So too we find divinely-furnished regulations as to those who ought to be chargeable to the assembly — what was right in the case of the younger widows — what was desirable as to younger women in general; and then again the obligations toward elders, not now when faulty, but in their ordinary functions and service. “Let the elders that preside well be counted worthy of double honour, especially they who labour in the word and doctrine.” But what if they were charged with wrong? “Against an elder receive not an accusation, but before two or three witnesses. Them that sin rebuke before all, that others also may fear.” Prejudice and partiality must be eschewed at all cost. Finally, care, must be taken to avoid any compromise of the name of the Lord. Thus the well-known sign of blessing in the outward act of laying on hands was to be done circumspectly. “Lay hands suddenly on no man, neither be partaker of other men’s sins: keep thyself pure.”

There is condescension even to so small a point seemingly as to tell him not to be a water-drinker. It would seem that Timothy’s scrupulous conscience felt the dreadful habits of those times and lands so as to bring him into bondage but the apostle, not in a mere private note, but in the body of the inspired letter itself, sets aside his scruples, and bids him “use a little wine for thy stomach’s sake and thine often infirmities.” I am aware that men have cavilled at this, yielding to their own thoughts of what they deem fit subjects for the pen of inspiration; but if we exclude anything whatever from the range of the Spirit of God, we make it to be merely a question of the will of man. And what must issue from this? There is nothing either too great or too little for the Holy Spirit. Is there anything that may not, that ought not, to be a question of doing God’s will? Thus, if a person takes wine, or anything else, except to please God, and is not in danger on the score of morality, certainly he has lost all adequate sense of his own place as a witness of the glory of God. How happy ought we to be that God gives us perfect liberty! only let us see to it that we use it solely for His praise.

In the last chapter (1 Tim. 6) comes the question of servants and their masters, which also it was important to regulate; for we all know that a servant might turn to a selfish account that his master and himself were brethren in Christ. It is all very well for the master to say so; and certainly he should never act without bearing in mind his own spiritual relationship to his servant; but I do not think it becomes a servant to say “brother” to his master. My business is to know him as my master. No doubt it would be grace on his part to own me as his brother. Everything therefore where grace is at work will be found to have its blessed place. Whoever thought differently (and such have never been wanting) was puffed up, and could only suggest evil.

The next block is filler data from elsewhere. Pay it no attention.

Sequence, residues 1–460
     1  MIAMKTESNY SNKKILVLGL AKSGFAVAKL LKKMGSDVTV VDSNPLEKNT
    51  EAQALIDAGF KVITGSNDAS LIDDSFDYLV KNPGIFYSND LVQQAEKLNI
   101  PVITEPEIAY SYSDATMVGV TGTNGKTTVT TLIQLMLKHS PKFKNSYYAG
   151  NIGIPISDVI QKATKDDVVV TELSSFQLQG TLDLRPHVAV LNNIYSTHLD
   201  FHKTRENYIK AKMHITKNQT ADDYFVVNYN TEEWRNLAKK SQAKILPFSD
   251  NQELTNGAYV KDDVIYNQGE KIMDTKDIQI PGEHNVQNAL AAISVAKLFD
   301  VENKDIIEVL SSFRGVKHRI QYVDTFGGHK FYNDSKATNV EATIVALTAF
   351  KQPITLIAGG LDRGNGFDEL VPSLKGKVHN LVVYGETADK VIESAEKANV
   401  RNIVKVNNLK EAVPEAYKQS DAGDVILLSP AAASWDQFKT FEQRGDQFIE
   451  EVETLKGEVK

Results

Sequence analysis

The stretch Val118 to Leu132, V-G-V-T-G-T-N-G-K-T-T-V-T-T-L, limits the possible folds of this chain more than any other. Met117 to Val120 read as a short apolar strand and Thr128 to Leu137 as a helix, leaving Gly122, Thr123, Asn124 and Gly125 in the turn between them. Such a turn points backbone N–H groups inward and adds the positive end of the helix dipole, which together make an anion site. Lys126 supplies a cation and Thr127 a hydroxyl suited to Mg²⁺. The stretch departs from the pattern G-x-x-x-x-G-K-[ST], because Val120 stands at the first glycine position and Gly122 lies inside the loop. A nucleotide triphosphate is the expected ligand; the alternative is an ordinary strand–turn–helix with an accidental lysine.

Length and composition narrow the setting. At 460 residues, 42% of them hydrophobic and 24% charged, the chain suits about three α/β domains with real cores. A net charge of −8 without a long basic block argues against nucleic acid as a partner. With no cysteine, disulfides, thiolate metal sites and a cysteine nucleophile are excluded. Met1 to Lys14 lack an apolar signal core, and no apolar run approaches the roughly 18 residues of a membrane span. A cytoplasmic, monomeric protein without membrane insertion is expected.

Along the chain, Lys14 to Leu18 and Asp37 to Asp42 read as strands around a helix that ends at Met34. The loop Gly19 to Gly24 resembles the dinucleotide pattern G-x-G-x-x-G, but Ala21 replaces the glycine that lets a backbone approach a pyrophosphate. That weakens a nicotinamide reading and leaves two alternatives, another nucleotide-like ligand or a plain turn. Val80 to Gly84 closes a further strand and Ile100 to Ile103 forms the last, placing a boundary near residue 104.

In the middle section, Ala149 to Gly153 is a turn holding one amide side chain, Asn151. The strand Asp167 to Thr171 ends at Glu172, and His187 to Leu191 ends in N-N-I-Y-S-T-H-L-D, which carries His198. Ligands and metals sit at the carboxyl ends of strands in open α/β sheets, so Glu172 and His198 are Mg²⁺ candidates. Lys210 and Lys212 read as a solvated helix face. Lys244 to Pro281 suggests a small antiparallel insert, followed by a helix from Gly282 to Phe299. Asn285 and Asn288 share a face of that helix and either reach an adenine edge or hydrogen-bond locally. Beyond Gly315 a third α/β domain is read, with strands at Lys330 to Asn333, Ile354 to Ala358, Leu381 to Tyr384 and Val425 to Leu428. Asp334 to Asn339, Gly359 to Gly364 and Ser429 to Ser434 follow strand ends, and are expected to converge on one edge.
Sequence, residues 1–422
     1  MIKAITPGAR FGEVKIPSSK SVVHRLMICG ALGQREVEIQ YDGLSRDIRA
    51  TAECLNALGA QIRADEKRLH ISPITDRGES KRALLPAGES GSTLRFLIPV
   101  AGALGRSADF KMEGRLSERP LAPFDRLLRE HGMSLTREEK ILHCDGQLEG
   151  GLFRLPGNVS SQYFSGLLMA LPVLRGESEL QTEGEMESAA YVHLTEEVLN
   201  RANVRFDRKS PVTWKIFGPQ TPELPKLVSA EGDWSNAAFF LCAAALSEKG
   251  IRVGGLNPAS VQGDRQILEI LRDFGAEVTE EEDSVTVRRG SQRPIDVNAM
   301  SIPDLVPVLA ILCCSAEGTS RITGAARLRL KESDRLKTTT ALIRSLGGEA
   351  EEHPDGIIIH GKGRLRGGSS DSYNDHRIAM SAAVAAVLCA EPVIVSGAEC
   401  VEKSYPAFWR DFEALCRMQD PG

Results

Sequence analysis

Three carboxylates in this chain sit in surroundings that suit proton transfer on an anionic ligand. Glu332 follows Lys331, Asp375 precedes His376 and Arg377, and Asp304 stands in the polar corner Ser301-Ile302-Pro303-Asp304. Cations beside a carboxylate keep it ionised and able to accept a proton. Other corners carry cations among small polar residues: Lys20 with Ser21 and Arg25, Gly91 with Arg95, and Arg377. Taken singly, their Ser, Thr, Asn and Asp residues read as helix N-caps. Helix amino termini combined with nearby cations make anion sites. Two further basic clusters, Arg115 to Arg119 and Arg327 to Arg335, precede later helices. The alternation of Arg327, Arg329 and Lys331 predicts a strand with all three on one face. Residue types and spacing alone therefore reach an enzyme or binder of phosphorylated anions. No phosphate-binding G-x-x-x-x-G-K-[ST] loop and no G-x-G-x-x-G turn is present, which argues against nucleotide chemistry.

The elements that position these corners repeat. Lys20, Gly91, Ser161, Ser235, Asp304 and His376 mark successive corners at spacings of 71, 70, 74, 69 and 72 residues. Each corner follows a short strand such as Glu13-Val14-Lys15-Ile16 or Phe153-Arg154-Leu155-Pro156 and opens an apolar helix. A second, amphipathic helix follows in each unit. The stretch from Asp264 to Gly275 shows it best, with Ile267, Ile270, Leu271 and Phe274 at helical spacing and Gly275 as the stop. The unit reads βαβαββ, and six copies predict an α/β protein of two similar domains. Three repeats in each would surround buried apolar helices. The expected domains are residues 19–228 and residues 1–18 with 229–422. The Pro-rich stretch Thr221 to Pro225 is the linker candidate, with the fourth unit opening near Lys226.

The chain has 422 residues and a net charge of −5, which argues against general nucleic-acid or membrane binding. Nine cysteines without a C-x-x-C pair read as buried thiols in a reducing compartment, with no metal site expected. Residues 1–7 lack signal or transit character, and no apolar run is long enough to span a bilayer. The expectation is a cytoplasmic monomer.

Then he touches on the value of piety with a contented mind in contrast with the love of money, and its various snares in this age as in all that are past. These things will be found dealt with successively, until at last the apostle calls on the man of God to flee these things himself, and to pursue the path of righteousness, etc., as well as strive in the good combat of faith; otherwise a man of God was in no degree free from danger. He was to lay hold of eternal life, to which he had been called, and had confessed the good confession before many witnesses, and this in view of the great event which will display our fidelity or the lack of it — the appearing of our Lord Jesus Christ, which in its own time the blessed and only Potentate shall show. At the same time he calls on him to charge them that are rich neither to be high-minded nor rely on aught so uncertain. What would give weight to the charge? That he was above such desires himself, trusting in the living God, who affords us all things richly for enjoyment. Let them be rich in good works, liberal in distributing, ready to communicate, laying up for themselves a good foundation for the future, that they may lay hold of what is really life. “O Timothy, keep that which is committed to thy trust, avoiding profane and vain babblings, and oppositions of false-named knowledge, which some professing have erred concerning the faith. Grace be with thee.”